Too many chefs but only one Gary Cooke
Celebrity MasterChef (RTE1)
The Open (BBC)
The Ashes (Sky Sports)
At the end of the first episode of Celebrity MasterChef, the best candidate was eliminated. As they made the unbelievable announcement that Gary Cooke would be going home, many of us were appalled. We knew that for us, the series had ended right there.
All we're left with now is a bunch of people who are quite good at cooking, trying to beat each other – and clearly no intelligent person could be bothered with that.
But a man who is very bad at cooking, trying to be good – now that's entertainment. And Cooke is not just very bad, he is also hilarious at being very bad. As he prepared to present his latest burnt offering, his fear of the wrath of Dylan McGrath was deeply funny.
And McGrath seemed to recognise that he was dealing with a man who was as gifted as himself, albeit in a different line of work. He sort of stood back a bit, savouring the comedy of the moment, allowing Cooke to suffer the anxiety, but declining to berate him.
It was a perfectly judged performance on the part of both men, and it promised much for the series ahead. And then it was over. They sent him away, like some booking agent rejecting Tommy Cooper because some of his tricks don't work.
The lust for victory is the main engine of these shows, and here it was the inherent design flaw. If they had thrown out former Mr World, Kamal Ibrahim, we might have had one more week of Cooke-y, who, with his powers of mimicry, could also bring us a flavour of about 20 other celebrity chefs while he was at it.
But they could not find a way, even though Mr World is not much better than the funnyman at serving up a crepe suzette. I think of a line in the book To The Light, a quotation found by the great musician and songwriter Johnny Duhan: "We Irish are suspicious of success, knowing that there is a lot more of the infinite in its opposite."
So they can keep their Mr World.
It is inherently wrong too, that for the last few days we have been trying to look at the Open golf and the Ashes, at the same time.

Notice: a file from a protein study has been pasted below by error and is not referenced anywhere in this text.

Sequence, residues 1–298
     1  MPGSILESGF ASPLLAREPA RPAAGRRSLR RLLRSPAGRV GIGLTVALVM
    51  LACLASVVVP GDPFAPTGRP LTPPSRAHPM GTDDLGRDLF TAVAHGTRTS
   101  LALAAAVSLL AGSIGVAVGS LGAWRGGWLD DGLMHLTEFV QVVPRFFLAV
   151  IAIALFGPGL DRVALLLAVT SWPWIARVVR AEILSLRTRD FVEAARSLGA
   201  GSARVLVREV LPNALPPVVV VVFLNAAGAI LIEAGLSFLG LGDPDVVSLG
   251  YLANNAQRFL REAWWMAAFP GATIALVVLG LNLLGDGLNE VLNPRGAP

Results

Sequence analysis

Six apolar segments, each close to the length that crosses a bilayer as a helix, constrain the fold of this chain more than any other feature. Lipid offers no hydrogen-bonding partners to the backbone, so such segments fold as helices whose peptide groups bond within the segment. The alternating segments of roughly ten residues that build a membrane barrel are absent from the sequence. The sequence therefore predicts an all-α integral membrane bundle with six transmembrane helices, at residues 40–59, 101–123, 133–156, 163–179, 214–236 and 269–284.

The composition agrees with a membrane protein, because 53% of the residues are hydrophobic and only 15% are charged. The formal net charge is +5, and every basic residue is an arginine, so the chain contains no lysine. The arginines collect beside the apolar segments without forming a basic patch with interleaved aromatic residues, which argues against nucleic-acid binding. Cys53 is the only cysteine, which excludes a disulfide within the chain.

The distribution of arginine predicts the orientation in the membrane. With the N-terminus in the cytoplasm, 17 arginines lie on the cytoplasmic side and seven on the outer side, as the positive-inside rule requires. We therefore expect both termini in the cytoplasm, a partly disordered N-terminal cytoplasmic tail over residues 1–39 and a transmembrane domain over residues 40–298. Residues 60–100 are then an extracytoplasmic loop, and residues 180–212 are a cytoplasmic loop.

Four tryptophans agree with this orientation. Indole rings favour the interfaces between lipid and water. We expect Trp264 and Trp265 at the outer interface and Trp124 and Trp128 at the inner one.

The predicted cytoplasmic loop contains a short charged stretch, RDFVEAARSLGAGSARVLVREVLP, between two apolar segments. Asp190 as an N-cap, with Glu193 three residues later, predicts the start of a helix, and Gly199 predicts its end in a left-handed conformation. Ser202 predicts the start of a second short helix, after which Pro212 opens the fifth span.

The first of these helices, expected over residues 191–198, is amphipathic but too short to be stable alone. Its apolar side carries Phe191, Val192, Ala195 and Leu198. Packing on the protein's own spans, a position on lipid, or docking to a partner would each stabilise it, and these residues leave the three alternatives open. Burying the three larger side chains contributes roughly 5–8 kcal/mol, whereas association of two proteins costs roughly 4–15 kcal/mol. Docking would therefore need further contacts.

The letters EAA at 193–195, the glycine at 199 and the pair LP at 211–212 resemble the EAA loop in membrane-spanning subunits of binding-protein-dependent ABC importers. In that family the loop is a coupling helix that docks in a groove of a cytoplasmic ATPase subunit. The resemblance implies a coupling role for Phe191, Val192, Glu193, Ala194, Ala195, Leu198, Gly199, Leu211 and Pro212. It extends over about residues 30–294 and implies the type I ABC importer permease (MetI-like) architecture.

These are among the last remaining monuments of western civilisation, and while they are being well preserved by the BBC and by Sky Sports respectively, it is a task that would be made easier by avoiding such an unnecessary clash.
Indeed, with a bit of imagination, there is probably no need for any clash in any form of sport, anywhere in the world, a vision long cherished by my friend and colleague Dion Fanning.
Inspired by Emily O'Reilly's recent elevation to the role of European Ombudsman, Fanning is willing to let his name go forward for a new trans-national role of a slightly different kind, with the working title, President of the Office of Global Sporting Co-Ordination.
He would have sweeping powers. He would be able to pick up the phone to a top golf administator such as Peter Dawson, Chief Executive of the Royal & Ancient, and say, "Pete, the Open will be on TV at the same time as the cricket this year. And there's not much happening the following week anywhere.
"It's not working for me, Pete. Just put it back a few days, will you mate?"
Why such an office does not exist already, when there is such a thing as a European Ombudsman, is inexplicable. But Fanning is modest about his own position – he would see his remuneration as being on a par with that of the European Ombudsman, €248,000 per annum "plus benefits", though of course he would be doing a much more important job, with a far-reaching impact on the lives of every Irish person, indeed of everyone everywhere.
I would see a role for myself as, say, Director of Corporate Communications – I would accept €248,000 a year "without the benefits". And in that capacity I would arrange for Sean O'Rourke to interview Mr Fanning on the lunchtime news, as he interviewed Emily O'Reilly on the day of her elevation – there would be a general sense out there that getting one of ours into such a prestigious position, albeit one he invented himself, was a great day for Ireland.
Let's get it done.